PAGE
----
INDIAN LAND -- Nestled between Charlotte and Lancaster, and just a few miles north of Rock Hill, Panhandle residents are uniquely situated with cultural opportunities in nearly every direction.
Lately, arts promoters in Lancaster have become more interested in urging local residents to stay in Lancaster County to experience the cultural opportunities it has to offer. The downtown area of the City of Lancaster, about 20 miles south of Indian Land, is becoming the cultural center of the county. There are five art galleries and studios in downtown Lancaster, including Bob Doster's Backstreet Studio, owned by Doster, a metal artist from Van Wyck, and Chastain's Studio Loft, owned by Christina Chastain, the gallery director for the Lancaster County Arts Council.
Gallery crawls are held monthly and offer visitors a chance to see inside the artists' studios and to meet artists from around the county. Art classes are offered for children and adults at Chastain's, which she says is a big part of encouraging the arts in the county.
In September, Chastain will open a studio on Main Street in the city of Lancaster. Twenty artists' studios will be available for rent and a wide range of classes will be taught, from oil painting and pottery, to dance. An apartment will be located on the top floor of the new studio where artists-in-residence will be invited to stay and spend time in Lancaster teaching art classes.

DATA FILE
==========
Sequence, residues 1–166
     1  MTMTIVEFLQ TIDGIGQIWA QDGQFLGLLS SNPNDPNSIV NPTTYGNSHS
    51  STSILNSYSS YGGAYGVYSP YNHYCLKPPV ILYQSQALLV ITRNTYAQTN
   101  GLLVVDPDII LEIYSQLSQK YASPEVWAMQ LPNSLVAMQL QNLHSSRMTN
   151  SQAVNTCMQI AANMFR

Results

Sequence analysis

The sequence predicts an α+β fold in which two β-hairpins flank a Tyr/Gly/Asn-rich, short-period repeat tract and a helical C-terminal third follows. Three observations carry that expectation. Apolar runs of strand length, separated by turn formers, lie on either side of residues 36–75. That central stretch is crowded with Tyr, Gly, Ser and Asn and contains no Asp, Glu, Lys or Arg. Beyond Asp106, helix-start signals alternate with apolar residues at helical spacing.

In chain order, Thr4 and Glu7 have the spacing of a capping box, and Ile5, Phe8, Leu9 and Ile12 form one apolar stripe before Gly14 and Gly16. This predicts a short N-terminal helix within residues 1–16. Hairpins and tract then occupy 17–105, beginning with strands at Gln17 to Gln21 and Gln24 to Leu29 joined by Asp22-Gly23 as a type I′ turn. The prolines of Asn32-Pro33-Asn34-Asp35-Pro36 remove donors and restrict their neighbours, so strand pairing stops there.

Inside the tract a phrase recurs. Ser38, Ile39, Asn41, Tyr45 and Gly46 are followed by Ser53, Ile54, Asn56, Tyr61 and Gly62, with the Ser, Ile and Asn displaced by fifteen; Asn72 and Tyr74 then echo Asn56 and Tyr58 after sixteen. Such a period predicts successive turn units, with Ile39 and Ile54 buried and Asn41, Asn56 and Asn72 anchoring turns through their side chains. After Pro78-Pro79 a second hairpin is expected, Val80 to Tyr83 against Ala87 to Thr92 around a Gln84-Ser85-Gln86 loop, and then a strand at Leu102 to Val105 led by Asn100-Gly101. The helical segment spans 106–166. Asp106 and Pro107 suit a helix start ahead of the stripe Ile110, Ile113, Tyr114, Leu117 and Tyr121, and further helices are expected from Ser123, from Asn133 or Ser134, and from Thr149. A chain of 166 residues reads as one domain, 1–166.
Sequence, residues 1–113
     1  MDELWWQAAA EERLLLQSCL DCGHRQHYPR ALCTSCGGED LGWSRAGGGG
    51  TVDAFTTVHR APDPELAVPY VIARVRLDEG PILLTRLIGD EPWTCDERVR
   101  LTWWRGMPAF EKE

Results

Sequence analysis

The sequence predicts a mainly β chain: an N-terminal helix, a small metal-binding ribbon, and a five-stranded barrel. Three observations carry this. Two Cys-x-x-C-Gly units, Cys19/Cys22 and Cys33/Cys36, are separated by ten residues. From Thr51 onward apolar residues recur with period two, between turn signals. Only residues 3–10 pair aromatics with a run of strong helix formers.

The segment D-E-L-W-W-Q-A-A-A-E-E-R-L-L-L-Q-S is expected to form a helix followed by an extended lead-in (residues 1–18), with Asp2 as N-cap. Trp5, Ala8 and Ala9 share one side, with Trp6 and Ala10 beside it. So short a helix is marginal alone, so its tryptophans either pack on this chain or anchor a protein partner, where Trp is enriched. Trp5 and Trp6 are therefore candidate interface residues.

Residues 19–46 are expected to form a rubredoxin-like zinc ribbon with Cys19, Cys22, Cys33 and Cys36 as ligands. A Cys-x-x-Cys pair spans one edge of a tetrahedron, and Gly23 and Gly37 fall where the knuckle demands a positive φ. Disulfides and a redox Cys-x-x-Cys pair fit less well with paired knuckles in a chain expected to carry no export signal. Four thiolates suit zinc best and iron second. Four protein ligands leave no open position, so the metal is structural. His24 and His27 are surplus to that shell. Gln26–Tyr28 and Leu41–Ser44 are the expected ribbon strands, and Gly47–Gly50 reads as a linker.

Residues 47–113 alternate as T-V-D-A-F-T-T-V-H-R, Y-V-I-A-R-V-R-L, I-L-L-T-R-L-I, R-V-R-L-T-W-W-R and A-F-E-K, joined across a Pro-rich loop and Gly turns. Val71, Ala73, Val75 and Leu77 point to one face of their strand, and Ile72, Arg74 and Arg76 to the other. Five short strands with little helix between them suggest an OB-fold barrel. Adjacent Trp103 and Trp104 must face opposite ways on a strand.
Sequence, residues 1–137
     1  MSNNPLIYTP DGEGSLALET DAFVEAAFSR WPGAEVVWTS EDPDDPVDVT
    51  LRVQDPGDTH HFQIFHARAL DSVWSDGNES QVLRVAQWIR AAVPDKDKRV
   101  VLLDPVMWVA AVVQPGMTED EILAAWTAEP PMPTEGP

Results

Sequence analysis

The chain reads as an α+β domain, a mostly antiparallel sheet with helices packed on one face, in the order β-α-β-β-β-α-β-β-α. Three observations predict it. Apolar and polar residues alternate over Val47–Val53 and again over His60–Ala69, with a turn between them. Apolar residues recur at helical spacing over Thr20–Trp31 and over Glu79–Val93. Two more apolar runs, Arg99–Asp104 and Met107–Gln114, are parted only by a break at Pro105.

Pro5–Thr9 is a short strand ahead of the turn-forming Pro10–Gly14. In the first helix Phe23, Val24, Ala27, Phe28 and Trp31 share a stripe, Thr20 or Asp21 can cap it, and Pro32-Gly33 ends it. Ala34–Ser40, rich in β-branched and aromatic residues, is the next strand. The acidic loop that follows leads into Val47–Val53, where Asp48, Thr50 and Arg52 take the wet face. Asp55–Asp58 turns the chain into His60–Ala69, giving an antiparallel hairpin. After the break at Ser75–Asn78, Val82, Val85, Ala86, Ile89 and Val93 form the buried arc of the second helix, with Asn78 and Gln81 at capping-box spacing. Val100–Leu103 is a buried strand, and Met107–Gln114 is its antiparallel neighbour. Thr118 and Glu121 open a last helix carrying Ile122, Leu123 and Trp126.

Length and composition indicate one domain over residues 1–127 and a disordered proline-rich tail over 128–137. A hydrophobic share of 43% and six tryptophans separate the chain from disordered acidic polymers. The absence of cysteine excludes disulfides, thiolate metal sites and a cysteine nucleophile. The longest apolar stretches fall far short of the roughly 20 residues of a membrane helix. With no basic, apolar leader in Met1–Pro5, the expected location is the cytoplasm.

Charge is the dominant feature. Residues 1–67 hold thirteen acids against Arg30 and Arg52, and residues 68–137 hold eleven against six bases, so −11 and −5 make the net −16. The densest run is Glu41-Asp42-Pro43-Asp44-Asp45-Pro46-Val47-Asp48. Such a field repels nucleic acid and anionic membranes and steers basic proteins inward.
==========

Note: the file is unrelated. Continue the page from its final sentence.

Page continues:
"We hope Lancaster will be a destination for the arts," Chastain says.
It's the casual atmosphere that Howell hopes will bring residents from Indian Land and Van Wyck into the City of Lancaster for arts events. Unlike arts events in more urban areas, crowds in Lancaster are typically small and visitors can easily spend time enjoying the artwork in Lancaster's galleries.
Van Wyck artist Robin Zavada compares the arts scene in Lancaster with some of the major cultural areas of Charlotte.
"I think that Lancaster is going to be the next NoDa," she says, referring to North Davidson Street, Charlotte's historic arts district, where galleries and music venues abound.
Zavada considered displaying her paintings in galleries in Charlotte but choose instead to place her work in Doster's studio. Lancaster galleries have a more relaxed atmosphere than galleries in larger cities such as Charlotte, she says.
"They [Lancaster] are more open to artists," Zavada says. "If you're creative, they are open and they aren't asking for resumes and pomp and circumstance."
Lancaster is a "sophisticated Mayberry," Howell says, with the appeal of a small town and the cultural offerings of a more metropolitan area.
"We're trying to create some of our own uniqueness," Howell says."We have programs you just can't find in Charlotte."